With this book the biggest missing chunk is the "Scouring of the Shire" chapter; this section had the hobbits returning to Hobiton only to find Saruman and his sidekick Wormtongue trying to rule over their land, leading the quad to kick wizard butt. Jackson told the fanbase of this change, and so time may have healed some wounds, but with the series already at such long running-times (as had been said before of this series, the gamble New Line took to make these films could have sunk them, and the foresight to allow Jackson — Peter Bad Taste Jackson — to make these films, all with three hour running-times, cannot and should not be understated), adding an additional fight after the major battles of Minas Tirith and Mordor might have come off as anticlimactic and redundant. Yet it would have been nice to see Christopher Lee (as Saruman) and Brad Dourif (as Wormtounge) return for the final effort, and the two had a scene snipped before release (though word has it that it's set to be included in the extended edition). All said and done, they're not terribly missed, but it seems unfortunate that Lee could not be in all three films. Heck, Sean Bean's Boromir gets cameos in the later two films, even though his character was killed off in Fellowship.

But there are plot points that seem to have been excised for pacing (it's a 200-minute movie, running 21 minutes longer than either previous entry), and they are notable if you know the text. Denethor's character is crazy not just because he's a middling bureaucrat who sees the writing on the wall, but because he's under the power of Sauron through the Palantir (a seeing eye) he keeps using. This is hinted at pretty directly (Denethor says he "knows things" ominously), but Denethor's madness works with or without it, simply because he's grief stricken at the loss of Boromir. Another obviously excised chunk is Gandalf's battle with the Witch King, which is another plot point hinted at, and not completely excised (a shot of the beginning of the confrontation can be glimpsed in the supplements). One can also guess where the section is, as when Gandalf tries to rescue Faramir from Denethor's insanity he looks wiped out, like he just fought a very hard battle — fitting as its noted that the Witch King is said to be impervious to mortal man. Again, unless you're looking for it, it's hard to know it's gone. The final chunk revolves around the final battle against Mordor, when Aragorn goes to Mordor's gate and is informed by the voice of Sauron (originally Bruce Spence was listed for this role on the IMDb, but this credit has been removed) that Sauron thinks he's killed Frodo when his Mithril armor was accidentally left behind at a Mordor castle. This makes Aragorn's last battle all the more suicidal.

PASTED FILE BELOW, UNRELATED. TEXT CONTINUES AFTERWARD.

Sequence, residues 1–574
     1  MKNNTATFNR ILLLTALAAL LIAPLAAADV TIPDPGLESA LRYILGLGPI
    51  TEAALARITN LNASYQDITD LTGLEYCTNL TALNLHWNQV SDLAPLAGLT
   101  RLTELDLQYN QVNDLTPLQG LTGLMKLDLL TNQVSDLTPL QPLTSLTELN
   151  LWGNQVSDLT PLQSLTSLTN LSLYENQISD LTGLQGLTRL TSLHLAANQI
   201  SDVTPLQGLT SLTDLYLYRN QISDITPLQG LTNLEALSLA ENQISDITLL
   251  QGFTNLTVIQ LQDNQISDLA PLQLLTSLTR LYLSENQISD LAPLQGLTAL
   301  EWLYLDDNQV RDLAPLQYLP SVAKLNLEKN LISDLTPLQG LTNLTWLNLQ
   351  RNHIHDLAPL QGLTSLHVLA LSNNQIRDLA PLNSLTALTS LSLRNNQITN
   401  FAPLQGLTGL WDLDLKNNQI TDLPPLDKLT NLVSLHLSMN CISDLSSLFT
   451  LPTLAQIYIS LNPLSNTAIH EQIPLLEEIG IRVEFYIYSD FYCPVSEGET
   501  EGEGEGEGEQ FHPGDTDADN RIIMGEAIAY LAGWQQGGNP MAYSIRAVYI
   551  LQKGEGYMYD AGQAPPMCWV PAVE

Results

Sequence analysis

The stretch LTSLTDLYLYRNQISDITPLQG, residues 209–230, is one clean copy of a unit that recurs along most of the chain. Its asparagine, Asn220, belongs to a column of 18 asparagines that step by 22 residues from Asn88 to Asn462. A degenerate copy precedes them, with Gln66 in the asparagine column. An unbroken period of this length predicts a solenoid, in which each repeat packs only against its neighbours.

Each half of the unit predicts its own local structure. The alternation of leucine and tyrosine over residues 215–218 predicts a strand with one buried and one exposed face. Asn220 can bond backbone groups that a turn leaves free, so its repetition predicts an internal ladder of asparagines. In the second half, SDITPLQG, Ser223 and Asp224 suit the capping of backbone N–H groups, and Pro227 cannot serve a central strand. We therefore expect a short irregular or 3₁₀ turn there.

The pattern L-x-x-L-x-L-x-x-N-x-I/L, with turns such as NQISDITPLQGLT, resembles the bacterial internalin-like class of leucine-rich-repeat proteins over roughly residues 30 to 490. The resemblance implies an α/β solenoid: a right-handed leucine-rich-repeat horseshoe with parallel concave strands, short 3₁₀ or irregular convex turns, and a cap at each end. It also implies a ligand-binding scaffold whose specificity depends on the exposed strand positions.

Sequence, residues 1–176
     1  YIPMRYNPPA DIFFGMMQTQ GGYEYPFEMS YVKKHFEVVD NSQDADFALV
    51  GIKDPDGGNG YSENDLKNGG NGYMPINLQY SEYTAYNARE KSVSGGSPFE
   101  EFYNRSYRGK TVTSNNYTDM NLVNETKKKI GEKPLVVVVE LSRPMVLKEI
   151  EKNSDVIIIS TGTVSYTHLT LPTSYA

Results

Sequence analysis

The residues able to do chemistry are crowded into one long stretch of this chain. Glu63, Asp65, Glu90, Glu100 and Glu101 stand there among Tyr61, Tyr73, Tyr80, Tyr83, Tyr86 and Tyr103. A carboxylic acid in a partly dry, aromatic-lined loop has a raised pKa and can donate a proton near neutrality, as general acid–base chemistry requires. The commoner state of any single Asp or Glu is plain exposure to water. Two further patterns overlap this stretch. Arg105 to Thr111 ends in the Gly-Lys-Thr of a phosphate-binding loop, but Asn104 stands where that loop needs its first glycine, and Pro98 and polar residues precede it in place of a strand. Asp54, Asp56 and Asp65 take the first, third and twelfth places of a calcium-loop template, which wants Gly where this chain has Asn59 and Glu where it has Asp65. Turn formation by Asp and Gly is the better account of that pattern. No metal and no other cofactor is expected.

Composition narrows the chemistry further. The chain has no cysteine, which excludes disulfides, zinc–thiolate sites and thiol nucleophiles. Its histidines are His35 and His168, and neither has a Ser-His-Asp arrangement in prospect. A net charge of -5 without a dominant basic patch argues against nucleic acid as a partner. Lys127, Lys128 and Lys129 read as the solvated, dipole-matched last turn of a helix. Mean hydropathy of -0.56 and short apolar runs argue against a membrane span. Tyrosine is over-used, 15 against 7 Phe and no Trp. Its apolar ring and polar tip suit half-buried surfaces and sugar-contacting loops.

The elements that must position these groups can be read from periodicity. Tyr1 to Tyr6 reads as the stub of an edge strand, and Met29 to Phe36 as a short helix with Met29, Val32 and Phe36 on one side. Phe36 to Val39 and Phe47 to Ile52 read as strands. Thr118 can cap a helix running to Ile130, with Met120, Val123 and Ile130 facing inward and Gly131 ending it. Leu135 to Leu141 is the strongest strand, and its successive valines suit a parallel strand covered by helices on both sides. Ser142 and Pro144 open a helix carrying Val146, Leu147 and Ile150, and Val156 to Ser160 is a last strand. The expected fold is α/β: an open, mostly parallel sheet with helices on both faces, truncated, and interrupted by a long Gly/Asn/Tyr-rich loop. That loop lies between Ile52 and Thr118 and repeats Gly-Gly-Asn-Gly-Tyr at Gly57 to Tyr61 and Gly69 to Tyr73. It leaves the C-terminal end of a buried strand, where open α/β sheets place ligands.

Also of note is that in the special features (in the National Geographic special) there is footage of Merry offering his services to Théoden, and of a drinking game between Legolas and Gimli. But, though the Extended Edition may include all or none of these scenes, in terms of pacing these cuts feel right in an already epic film.

*          *          *